We asked Chris to write up a little something to recap his first gravel ride on his new Jamis Renegade Expat. He had just completed "Serious Injury By Gravel" a 50 mile crusher with over 3,200 feet of climbing. What a way to break in a new steed. Here's his story.
I asked Chris to write up a little something to recap his first gravel ride on his new Jamis Renegade Expat.
He had just completed "Serious Injury By Gravel" a 50 mile crusher with over 3,200 feet of climbing. What a way to break in a new steed. Here's his story.
I had just completed my second ever gravel ride on March 3rd, the Callaway 50 "Lite" event of 37 miles through the windy and empty corn fields and steep hills of northeastern Jefferson City. It would be the last gravel ride on my 2013 Specialized Crosstrail which I have since converted into a rigid daily commuter. I was so depleted from basically being an upright parachute through straight-line winds that I ate an entire 14" Arris' pizza afterward and slept all the way back to St. Louis. But I was also hooked on the challenges and scenery Missouri back roads provide. That meant relegating my Frankenstein Friend to riding to work and the grocery store and finding a new whip more geared towards "shreddin' the grav grav," as the kids say.
That's what brought me to Spoked, where Matt was eager to help and became immediately invested in my bike search. I left the shop with the 2018 Jamis Renegade Expat as a top contender and it didn't take long to pull the trigger. It's a whole lot of bike for the money, featuring Shimano Tiagra components and a steel frame with a carbon composite fork. My only reservation was the baby blue paint job the stock image seemed to suggest but turned out to be a much richer blue in person with sweet topographical graphics (topographics?). Thanks to Matt's excellent customer service and to my slight dismay, the Expat arrived in time for a post-St. Patrick's Day Serious Injury by Gravel, Death by Gravel's more casual, sloppy joe oriented route in Steelville, MO. The two nights before I thoroughly enjoyed using the Expat to hop around from Rolla watering hole to Rolla watering hole (and of course to Donut King, the Rolla donut hole). There are rear rack mounts should you find yourself in a situation where you buy way too many donuts and can't carry the box.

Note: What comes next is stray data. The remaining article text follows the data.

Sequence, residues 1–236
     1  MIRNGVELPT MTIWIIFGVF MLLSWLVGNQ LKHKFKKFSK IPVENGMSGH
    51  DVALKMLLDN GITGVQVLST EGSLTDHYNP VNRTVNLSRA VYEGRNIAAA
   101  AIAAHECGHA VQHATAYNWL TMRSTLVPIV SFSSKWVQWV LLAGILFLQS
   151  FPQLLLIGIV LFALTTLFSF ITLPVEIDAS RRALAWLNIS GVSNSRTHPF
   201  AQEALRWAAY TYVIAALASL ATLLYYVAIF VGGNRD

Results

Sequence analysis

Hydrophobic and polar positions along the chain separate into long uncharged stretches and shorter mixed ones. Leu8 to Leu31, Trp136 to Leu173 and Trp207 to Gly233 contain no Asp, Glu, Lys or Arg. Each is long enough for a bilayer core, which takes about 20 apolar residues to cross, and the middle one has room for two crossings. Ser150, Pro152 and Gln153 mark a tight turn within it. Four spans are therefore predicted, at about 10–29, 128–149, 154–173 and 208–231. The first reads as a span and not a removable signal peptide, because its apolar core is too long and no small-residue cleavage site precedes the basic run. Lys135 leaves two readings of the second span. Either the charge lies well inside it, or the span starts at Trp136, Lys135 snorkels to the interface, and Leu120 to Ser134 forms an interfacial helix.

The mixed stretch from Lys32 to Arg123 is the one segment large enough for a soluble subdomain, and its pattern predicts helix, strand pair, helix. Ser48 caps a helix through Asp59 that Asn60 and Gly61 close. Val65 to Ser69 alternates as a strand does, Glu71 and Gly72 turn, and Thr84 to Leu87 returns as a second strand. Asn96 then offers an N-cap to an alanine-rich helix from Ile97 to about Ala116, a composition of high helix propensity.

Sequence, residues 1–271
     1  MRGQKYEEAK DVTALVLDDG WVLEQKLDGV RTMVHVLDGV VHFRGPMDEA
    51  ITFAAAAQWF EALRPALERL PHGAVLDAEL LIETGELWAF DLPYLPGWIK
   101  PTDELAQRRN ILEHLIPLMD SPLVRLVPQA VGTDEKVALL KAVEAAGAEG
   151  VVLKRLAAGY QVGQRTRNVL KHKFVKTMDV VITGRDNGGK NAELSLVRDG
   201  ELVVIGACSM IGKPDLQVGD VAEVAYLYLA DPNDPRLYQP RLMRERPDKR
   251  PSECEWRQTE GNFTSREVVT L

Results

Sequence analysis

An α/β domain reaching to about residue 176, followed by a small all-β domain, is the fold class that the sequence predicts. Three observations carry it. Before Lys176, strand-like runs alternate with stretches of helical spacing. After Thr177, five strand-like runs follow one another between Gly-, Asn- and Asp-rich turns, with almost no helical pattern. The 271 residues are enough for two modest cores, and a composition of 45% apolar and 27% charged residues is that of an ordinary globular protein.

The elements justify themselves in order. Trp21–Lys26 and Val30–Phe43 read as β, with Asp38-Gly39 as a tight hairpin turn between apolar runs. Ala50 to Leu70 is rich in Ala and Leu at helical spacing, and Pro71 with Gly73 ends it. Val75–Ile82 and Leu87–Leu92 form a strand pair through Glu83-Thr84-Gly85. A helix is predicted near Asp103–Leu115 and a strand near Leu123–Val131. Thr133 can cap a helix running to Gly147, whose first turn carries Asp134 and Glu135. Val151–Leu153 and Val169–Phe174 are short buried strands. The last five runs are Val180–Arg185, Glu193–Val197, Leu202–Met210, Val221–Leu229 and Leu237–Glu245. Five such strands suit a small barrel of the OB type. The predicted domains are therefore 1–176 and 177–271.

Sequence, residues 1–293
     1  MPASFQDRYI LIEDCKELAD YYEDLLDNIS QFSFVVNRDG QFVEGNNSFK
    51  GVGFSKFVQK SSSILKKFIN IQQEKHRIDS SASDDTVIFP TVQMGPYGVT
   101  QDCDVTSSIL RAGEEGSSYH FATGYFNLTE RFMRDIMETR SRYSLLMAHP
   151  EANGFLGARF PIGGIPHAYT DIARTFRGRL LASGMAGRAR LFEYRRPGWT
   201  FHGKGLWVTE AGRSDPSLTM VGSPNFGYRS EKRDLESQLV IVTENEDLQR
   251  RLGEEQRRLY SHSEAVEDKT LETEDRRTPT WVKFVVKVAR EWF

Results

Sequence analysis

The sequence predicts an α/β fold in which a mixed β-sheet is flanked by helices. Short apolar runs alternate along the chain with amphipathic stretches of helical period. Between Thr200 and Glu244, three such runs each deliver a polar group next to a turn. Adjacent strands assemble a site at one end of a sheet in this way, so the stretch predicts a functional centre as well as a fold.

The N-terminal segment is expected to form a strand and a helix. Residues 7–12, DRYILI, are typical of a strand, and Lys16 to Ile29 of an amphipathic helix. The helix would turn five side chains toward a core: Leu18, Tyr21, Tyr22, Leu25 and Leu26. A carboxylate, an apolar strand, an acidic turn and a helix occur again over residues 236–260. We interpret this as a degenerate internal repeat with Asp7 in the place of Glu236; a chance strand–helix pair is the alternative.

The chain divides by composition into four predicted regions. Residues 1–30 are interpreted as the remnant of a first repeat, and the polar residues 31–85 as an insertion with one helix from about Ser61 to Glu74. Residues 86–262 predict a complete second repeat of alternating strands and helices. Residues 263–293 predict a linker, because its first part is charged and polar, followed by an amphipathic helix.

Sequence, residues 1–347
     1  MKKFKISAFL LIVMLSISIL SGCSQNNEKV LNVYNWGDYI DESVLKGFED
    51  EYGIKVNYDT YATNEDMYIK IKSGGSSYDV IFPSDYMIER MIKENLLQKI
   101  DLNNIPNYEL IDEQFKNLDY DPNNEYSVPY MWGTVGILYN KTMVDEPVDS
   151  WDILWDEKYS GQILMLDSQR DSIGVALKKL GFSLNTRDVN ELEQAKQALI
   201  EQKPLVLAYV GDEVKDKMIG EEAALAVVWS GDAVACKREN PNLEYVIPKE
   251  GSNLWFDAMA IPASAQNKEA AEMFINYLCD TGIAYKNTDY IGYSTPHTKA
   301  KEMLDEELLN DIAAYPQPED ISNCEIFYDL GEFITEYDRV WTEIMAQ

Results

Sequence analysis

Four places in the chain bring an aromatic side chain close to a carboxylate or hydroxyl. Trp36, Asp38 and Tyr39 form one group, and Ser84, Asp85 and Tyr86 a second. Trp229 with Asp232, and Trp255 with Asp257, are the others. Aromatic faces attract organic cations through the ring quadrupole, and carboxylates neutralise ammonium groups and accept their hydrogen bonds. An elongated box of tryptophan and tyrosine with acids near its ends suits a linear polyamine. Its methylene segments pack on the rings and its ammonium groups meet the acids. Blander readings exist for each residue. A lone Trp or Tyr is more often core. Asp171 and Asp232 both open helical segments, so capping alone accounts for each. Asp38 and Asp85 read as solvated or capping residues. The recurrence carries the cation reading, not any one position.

On Sunday, the Expat proved to be a worthy companion through the entire 51.2 miles and 3291 feet of climbing with all stock components. The gearing was just enough for the steep climbs and allowed me to send-it righteously in the downhill sections. At mile 34, I rode into Cherryville in desperate need of $1 sloppy joes from the general store. Of course, I saw Matt there, but I'm not sure how many sloppy joes he ate.
The saddle was surprisingly comfortable for the entire 5-hour ride, and I do not plan on swapping it out anytime soon. The Clement XPlor's were great around town and in loose gravel. I'm looking forward to making use of the 5 separate bottle cage mounts to put out a small fire someday, or just stash a peanut butter jar full of hotdogs under my cranks and on both blades of the fork. Basically what I'm trying to say is that you can ride the Expat to your favorite donut/sloppy joe/hotdog establishment no matter the location.